Tomase: Looking to cast blame for disappointing Celtics? Start with Brad Stevens

John Tomase
March 25, 2019 - 3:44 pm

There's a fine line between unflappable and passive, and Brad Stevens is about to trip over it.

What was supposed to be the signature season of Danny Ainge's latest rebuild is once again slipping away, and Stevens seems not only powerless to stop it, but strangely resistant to try.

The issues that have plagued the Celtics all season -- poor shot selection and hero ball in crunch time, the inability to protect big leads or overcome manageable deficits, disjointed defense, a propensity to quit -- continue to vex with the playoffs just a couple of weeks away, and for the first time, Stevens doesn't have the answers.

That much-ballyhooed flight to Golden State now stands as a minor peak in yet another miserable valley. Including those wins out west that supposedly saved the season, the Celtics have lost 10 of 16, including four straight.

They trail the Pacers by two games for the fourth spot in the East with eight games to play and face the unpalatable prospect of needing to win three straight series on the road to reach the NBA Finals. The last team to do that was the 1999 Knicks, who finished eighth in that lockout-shortened campaign before losing to Tim Duncan's Spurs.

Stevens entered the season with the reputation as not only a brilliant tactician, but a shrewd motivator who consistently willed mediocre rosters beyond their collective talent. He did it twice at Butler by reaching national title games, and he did it four times with the Celtics, including consecutive conference finals berths.

But Stevens looks as lost as everyone else this season. The Celtics have teetered on the verge of catastrophe throughout this disappointing campaign, weathering Kyrie Irving's moodiness, Marcus Morris's contention that nothing is fun, resentment on the part of youngsters who believe they deserve more minutes, and Gordon Hayward's painfully slow rehab from a devastating leg injury.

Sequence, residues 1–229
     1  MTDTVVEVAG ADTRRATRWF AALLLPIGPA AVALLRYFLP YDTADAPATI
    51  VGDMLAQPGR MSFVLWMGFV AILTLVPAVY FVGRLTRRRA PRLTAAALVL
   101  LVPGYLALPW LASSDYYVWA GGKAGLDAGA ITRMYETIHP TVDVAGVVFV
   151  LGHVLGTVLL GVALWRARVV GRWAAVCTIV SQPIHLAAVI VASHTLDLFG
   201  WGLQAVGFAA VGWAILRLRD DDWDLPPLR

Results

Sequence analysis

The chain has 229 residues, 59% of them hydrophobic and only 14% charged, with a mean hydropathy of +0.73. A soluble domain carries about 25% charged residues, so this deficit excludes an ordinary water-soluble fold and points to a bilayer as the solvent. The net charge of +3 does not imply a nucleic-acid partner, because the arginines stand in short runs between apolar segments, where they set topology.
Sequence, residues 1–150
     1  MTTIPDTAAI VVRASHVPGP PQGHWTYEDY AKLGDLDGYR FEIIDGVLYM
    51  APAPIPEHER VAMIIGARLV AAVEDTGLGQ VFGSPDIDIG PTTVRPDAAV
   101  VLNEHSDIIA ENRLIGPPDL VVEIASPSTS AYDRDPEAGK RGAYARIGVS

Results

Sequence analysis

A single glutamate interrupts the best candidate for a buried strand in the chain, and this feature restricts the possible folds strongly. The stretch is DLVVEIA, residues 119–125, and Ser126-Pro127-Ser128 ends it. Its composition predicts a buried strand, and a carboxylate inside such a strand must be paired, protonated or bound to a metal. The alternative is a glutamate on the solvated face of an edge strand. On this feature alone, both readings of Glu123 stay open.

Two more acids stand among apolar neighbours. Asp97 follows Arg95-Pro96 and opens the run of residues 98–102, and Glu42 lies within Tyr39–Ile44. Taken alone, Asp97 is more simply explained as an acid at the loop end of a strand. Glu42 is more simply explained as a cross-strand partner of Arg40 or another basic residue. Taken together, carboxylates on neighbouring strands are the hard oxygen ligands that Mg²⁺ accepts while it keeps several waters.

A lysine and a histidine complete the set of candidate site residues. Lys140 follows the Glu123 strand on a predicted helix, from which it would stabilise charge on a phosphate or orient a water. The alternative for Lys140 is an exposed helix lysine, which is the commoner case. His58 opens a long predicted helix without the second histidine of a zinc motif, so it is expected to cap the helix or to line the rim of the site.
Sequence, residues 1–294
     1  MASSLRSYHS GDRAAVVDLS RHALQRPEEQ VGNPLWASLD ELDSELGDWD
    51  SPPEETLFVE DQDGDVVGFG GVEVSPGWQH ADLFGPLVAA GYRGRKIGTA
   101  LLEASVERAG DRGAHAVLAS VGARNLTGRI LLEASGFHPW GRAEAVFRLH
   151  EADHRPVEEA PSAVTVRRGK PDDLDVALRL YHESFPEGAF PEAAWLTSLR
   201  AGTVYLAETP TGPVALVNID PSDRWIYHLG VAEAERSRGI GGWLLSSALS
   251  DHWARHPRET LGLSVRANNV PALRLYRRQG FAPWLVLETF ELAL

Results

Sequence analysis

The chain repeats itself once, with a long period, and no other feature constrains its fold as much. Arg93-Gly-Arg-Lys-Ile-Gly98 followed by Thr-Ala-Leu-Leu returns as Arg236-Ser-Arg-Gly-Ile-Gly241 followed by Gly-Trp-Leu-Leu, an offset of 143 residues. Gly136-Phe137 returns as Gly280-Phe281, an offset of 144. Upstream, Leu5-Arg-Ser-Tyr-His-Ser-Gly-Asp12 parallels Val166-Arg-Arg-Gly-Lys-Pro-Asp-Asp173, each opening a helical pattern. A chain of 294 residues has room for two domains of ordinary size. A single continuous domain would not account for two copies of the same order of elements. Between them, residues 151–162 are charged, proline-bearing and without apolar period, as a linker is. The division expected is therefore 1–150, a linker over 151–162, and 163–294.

Along the way, they've shown a shocking inability -- especially for a Stevens-led team -- to improve. They still watch Irving too much. They still play lackadaisically with leads and lack the heart to rally. They still surrender a ton of points. They still launch threes like a volley of arrows on Game of Thrones.

And worst off, they look *this* close to quitting on the season completely.

At what point do we stop ripping the players and start wondering how the coach let it happen?

Stevens has been off his game from the start. He opened the year with Hayward in the starting lineup, even though the rehabbing forward clearly wasn't ready. That experiment lasted 15 games before Marcuses Morris and Smart replaced Hayward and Brown.

Morris hasn't played well since December, but his struggles appear to have escaped Stevens' notice, because he keeps getting 30 minutes a night. Shooting .441 on 3-pointers on Dec. 31, Morris is at .324 since, including 1-for-7 in Sunday's loss to the Spurs. He no longer has any business taking Brown's minutes, especially as he reverts to his ball-pounding isolationist ways, but playing time is determined by the coach, not the player.

Meanwhile, second-year forward Jayson Tatum has failed to make a leap by exhibiting the same frustrating offensive tendencies in March that hampered him in October. It would be nice, for instance, to alert Tatum to the fact that every time he passes up a three for one dribble and a pull-up 21-footer, that's bad offense. But as he repeats that mistake nightly you'd like to think Stevens might suggest, "Take the 3," or, "Take it to the rim."

Instead, Tatum remains stuck in between, just like the rest of the team. Irving, for instance, is clearly a handful, and maybe he simply wouldn't respond to any coach. But even if he's right that the Celtics consistently watch Kemba Walker light them up without trapping him like everyone else, there's no point in calling out the game plan. That's a loser move.

Perhaps Irving wouldn't feel so empowered to focus blame consistently on everyone else and only occasionally on himself if he lived in greater fear of his coach. He doesn't play like someone who respects his boss when he makes no effort on defense or becomes a one-man offense. The ball-hawking Kyrie who willingly took charges out west is the exception, unfortunately. Too often he lamely points fingers when his man beats him off the dribble or up the floor. Would it hurt Stevens' standing to remind even his best player that big minutes must be earned?

The same goes for Hayward, who occasionally delivers hang-dog effort. Even if it traces to frustration at his inability to reach his pre-injury form, too often Hayward fails to attack loose balls or his defensive rotations. It's an extension of his offensive passivity. Surely Stevens has noticed, but what has he done about it?

We could keep going. Smart still takes bad shots. Terry Rozier likes to play 1-on-5. The Celtics treat big leads as the perfect opportunity to launch 3's early in the shot clock, which is how they blew another easy W vs. the Hornets over the weekend.

A team built on defense hasn't played much of it since January, allowing at least 120 points eight times in its last 20 games. Can Aron Baynes really be that important?

All I know is the Celtics possess the talent to compete for a title, but they appear headed for a first-round flameout, so here's a simple question: is Brad Stevens going to do anything about it?